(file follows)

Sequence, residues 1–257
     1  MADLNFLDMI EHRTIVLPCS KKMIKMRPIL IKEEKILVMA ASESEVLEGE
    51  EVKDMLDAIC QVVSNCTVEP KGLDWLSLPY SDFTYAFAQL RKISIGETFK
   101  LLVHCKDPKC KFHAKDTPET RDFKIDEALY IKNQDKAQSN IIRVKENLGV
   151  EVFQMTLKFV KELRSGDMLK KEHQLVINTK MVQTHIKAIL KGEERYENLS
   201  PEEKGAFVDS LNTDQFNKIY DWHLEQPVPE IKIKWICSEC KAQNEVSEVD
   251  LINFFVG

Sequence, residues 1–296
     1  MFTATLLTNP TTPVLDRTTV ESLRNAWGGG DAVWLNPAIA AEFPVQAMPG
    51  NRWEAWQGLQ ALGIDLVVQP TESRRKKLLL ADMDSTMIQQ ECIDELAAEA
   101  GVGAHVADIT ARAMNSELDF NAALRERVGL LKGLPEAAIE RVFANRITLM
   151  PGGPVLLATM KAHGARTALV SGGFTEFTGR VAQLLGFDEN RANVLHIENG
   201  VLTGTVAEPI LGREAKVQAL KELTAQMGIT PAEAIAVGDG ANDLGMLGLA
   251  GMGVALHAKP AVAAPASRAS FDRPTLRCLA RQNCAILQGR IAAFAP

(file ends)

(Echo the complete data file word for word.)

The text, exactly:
Sequence, residues 1–257
     1  MADLNFLDMI EHRTIVLPCS KKMIKMRPIL IKEEKILVMA ASESEVLEGE
    51  EVKDMLDAIC QVVSNCTVEP KGLDWLSLPY SDFTYAFAQL RKISIGETFK
   101  LLVHCKDPKC KFHAKDTPET RDFKIDEALY IKNQDKAQSN IIRVKENLGV
   151  EVFQMTLKFV KELRSGDMLK KEHQLVINTK MVQTHIKAIL KGEERYENLS
   201  PEEKGAFVDS LNTDQFNKIY DWHLEQPVPE IKIKWICSEC KAQNEVSEVD
   251  LINFFVG

Sequence, residues 1–296
     1  MFTATLLTNP TTPVLDRTTV ESLRNAWGGG DAVWLNPAIA AEFPVQAMPG
    51  NRWEAWQGLQ ALGIDLVVQP TESRRKKLLL ADMDSTMIQQ ECIDELAAEA
   101  GVGAHVADIT ARAMNSELDF NAALRERVGL LKGLPEAAIE RVFANRITLM
   151  PGGPVLLATM KAHGARTALV SGGFTEFTGR VAQLLGFDEN RANVLHIENG
   201  VLTGTVAEPI LGREAKVQAL KELTAQMGIT PAEAIAVGDG ANDLGMLGLA
   251  GMGVALHAKP AVAAPASRAS FDRPTLRCLA RQNCAILQGR IAAFAP